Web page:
Of course, during the post mortem, I had to be strong in my conviction of going against written orders for not making contact with civilians. The ‘paper tigers’ from the headquarters staff were very skeptical of my action claiming that their order was not followed in letter and spirit. However, the Commander-in-Chief was the first to acknowledge the predicament of a local commander and commended me for the humanitarian assistance rendered to our very own countrymen. I shudder to think what would have happened to those poor villagers had they been left all on their own. I guess the ‘survival of the fittest’ rule of the jungle would have applied there too, but it would have been on my conscience, had I declined giving shelter.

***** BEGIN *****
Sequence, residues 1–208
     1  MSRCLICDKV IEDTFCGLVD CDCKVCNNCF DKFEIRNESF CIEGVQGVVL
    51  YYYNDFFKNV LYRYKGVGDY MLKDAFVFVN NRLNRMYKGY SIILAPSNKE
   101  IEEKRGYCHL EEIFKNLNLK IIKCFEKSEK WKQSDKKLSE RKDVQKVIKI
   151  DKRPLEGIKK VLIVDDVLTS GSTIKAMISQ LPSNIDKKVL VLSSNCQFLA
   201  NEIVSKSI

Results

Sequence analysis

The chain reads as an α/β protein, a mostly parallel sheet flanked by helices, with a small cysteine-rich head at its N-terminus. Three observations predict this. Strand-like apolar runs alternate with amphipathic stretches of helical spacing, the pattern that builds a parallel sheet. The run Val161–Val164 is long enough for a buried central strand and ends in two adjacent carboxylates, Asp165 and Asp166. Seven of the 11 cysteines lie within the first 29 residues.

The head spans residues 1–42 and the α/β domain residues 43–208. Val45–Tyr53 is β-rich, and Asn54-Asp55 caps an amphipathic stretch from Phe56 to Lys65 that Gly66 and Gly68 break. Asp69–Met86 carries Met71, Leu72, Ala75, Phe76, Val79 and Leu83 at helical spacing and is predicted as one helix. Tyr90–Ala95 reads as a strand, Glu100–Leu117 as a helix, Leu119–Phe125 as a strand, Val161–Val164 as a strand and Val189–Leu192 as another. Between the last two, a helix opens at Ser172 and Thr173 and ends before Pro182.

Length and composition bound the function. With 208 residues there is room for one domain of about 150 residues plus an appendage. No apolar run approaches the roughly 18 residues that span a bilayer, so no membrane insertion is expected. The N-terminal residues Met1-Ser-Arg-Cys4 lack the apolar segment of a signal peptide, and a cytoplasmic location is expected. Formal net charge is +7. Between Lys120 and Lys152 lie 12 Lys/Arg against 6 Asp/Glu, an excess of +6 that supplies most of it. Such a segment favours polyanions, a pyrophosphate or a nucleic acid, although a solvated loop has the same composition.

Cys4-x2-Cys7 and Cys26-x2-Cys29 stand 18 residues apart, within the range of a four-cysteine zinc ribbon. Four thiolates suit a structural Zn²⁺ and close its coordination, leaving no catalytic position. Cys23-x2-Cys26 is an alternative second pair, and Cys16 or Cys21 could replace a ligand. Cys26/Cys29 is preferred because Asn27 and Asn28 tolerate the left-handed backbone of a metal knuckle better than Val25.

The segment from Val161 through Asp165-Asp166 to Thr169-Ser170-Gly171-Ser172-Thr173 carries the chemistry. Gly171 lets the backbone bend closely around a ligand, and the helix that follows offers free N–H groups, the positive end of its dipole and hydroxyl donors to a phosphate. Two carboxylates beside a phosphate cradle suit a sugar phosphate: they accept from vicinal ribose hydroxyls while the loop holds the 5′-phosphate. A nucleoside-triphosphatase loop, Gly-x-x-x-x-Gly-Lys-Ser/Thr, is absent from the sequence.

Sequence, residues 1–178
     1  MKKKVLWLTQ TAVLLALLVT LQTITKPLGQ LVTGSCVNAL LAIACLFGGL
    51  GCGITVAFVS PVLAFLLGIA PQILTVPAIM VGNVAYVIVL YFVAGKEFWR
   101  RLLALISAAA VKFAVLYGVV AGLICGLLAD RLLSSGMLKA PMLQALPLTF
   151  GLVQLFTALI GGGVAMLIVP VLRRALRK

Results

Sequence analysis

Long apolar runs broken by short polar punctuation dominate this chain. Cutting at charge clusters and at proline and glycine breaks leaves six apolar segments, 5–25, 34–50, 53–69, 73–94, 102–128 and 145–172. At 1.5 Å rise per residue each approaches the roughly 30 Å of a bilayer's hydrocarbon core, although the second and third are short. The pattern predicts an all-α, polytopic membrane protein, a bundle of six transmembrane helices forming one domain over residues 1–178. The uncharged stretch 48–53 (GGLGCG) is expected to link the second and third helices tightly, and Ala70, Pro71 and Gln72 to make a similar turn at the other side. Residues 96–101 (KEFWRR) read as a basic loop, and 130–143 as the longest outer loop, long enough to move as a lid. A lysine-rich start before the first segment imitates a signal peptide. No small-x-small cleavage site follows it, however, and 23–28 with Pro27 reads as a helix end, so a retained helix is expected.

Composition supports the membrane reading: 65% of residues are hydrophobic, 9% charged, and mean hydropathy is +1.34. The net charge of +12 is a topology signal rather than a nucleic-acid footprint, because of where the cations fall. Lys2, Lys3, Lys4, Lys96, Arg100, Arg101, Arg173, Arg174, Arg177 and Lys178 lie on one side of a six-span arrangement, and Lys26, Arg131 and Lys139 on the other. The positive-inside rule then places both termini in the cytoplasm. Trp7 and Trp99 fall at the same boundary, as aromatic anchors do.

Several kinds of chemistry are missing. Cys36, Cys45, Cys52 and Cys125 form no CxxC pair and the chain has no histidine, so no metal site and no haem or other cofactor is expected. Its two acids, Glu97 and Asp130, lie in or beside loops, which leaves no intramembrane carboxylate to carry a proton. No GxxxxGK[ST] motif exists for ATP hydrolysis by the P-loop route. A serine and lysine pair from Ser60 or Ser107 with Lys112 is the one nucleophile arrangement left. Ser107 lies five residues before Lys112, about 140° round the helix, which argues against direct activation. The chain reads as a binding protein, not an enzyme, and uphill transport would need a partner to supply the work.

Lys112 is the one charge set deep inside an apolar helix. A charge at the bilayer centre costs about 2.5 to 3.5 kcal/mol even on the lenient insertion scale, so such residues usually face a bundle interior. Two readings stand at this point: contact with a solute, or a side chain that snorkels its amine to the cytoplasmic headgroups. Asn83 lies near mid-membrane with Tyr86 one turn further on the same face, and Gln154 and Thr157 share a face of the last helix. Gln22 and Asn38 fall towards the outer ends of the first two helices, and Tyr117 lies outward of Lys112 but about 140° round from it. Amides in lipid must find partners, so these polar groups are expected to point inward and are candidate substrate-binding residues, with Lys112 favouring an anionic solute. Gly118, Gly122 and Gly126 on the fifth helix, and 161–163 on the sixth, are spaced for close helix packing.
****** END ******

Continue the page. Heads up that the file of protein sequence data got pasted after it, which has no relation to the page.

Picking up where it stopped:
Now, that is an experience I would classify as riding out the “Eye of the Storm” both physically and symbolically in the corridors of power.